Secretary of State Jon Husted on Wednesday set Ohio’s first uniform early voting hours, seeking an end to political dissension over access to the polls on evenings and weekends heading into the Nov. 6 presidential election.
Husted, a Republican, directed the 88 county election boards to be open from 8 a.m. to 5 p.m. on weekdays for the first three weeks of voting, which begins Oct. 2, and from 8 a.m. to 7 p.m. for the final two weeks — except the final day Nov. 2 when polls will close at 6 p.m.
All boards will be closed on Saturdays and Sundays in October under his order, a blow to urban Democratic leaders and civil rights groups that had pressured Husted to require that polls be open on those days. Husted’s decision means those counties that had already opted to stay open well into the evening or on weekends now may not do so.
“Today I am leveling the playing field on voting days and hours during the absentee voting period in each of the 88 counties — rural, urban and suburban,” he said at a news conference. “All Ohio voters will have the same amount of time — 23 days or 230 hours — to vote in person prior to Election Day. And let’s not forget that we still have Election Day, when polls will be open from 6:30 a.m. to 7:30 p.m.”
Prior to Husted’s order, local election boards made up of two Republicans and two Democrats were setting their own early, in-person voting hours. Weekend and evening hours varied among the counties. In his role, Husted broke any ties.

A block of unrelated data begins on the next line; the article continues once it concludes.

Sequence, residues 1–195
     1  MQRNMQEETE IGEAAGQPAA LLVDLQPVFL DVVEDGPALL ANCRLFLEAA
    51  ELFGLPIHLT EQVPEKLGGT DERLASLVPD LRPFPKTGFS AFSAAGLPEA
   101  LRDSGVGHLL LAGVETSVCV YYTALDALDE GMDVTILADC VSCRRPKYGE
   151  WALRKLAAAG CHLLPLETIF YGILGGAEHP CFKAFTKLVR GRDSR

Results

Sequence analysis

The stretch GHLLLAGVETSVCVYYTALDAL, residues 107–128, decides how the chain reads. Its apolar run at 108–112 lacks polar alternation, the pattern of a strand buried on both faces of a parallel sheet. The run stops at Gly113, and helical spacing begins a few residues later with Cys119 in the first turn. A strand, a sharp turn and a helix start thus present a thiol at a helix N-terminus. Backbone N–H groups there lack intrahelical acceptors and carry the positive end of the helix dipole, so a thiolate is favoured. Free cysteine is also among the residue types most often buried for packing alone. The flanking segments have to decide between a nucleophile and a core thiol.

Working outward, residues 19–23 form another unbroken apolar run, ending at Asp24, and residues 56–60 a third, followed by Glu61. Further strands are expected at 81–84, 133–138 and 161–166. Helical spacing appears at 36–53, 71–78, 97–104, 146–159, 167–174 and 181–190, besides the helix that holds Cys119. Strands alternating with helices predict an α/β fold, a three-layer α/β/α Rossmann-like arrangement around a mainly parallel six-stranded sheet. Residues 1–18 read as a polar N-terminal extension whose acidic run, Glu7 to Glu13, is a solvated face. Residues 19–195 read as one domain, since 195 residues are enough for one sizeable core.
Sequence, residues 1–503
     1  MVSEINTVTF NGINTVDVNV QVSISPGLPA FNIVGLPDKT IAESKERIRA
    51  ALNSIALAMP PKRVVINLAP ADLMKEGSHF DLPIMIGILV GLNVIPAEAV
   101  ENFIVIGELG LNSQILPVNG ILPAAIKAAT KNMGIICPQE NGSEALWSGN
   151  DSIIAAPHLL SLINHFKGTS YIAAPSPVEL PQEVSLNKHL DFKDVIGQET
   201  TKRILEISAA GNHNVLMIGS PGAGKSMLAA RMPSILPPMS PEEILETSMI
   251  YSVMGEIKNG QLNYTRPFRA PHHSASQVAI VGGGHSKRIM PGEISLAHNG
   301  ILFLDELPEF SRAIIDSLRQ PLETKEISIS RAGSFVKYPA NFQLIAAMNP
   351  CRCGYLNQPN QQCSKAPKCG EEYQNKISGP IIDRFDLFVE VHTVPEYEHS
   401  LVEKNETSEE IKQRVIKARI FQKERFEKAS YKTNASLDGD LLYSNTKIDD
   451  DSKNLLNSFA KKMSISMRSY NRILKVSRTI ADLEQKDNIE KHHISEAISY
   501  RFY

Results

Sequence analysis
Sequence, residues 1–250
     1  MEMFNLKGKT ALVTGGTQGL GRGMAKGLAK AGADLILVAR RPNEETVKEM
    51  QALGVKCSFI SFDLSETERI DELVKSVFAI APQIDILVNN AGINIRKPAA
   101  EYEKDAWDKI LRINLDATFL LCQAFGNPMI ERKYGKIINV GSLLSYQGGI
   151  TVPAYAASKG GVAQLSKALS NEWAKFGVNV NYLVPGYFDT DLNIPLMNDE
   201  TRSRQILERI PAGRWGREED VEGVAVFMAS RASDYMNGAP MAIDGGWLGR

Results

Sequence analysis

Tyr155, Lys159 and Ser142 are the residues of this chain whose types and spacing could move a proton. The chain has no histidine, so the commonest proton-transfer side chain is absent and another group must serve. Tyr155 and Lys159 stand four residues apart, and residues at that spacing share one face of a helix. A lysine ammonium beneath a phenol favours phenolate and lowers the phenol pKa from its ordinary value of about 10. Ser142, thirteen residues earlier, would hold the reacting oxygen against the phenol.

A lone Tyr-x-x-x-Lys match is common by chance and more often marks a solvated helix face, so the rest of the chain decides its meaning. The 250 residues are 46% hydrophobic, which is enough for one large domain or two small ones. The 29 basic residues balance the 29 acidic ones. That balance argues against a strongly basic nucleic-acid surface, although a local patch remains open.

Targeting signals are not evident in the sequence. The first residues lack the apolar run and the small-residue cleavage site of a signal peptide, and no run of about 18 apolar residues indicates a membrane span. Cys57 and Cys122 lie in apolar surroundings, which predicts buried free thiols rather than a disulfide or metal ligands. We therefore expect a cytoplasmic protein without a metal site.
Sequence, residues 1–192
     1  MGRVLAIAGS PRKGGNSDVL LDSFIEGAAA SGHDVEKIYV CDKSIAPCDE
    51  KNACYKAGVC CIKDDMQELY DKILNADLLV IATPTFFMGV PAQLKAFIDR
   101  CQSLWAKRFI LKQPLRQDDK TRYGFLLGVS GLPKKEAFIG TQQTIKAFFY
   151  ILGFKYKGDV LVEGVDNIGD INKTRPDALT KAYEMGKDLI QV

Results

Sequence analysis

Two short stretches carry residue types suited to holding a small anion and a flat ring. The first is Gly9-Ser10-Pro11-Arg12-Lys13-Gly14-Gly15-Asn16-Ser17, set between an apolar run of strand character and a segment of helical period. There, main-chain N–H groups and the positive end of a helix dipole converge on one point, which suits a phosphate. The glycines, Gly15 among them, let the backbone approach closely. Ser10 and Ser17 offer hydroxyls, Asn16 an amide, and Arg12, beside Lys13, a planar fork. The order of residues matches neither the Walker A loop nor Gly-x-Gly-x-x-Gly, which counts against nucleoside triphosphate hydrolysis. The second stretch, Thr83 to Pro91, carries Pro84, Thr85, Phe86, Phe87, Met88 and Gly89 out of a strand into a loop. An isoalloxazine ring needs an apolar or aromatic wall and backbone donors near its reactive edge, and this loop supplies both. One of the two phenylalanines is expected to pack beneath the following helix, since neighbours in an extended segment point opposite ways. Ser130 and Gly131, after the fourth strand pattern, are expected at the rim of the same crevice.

Democratic state senators and local officials representing Cincinnati, Cleveland and Columbus had begun a drumbeat of criticism against Husted earlier this week for a series of tie-breaking votes in several large Democratic-leaning counties. Husted broke ties in favor of regular business hours in Cuyahoga, Franklin, Summit and Lucas counties.
At the same time, some Republican-leaning counties had voted to extend hours, which Democrats said was unfair.
State Senate Democratic Leader Eric Kearney of Cincinnati criticized Husted’s directive.
“While Husted’s directive does create uniformity, it still ignores the moral and legal obligation of all public officials to take every reasonable step to promote voting,” he said in a statement. “In particular, the lack of weekend voting still threatens ballot access for many hard-working Ohioans. It is unfair that this directive still represents reduced voting opportunities for many Ohioans compared to 2008.”
The criticism had been echoed by the American Civil Liberties Union of Ohio, which said Husted should act to set uniform, but expanded, hours.
Husted initially said he wasn’t sure he had the legal authority to set uniform voting hours. No secretary of state has ever done so. He said Wednesday he consulted with in-house lawyers and Attorney General Mike DeWine and came to the conclusion that he could.
He also emphasized newly available options for voters to make voting this year go smoothly, including broad access to mail-in absentee ballots and a new website for making address changes.
“It’s like anything else in life: Don’t procrastinate,” he said.
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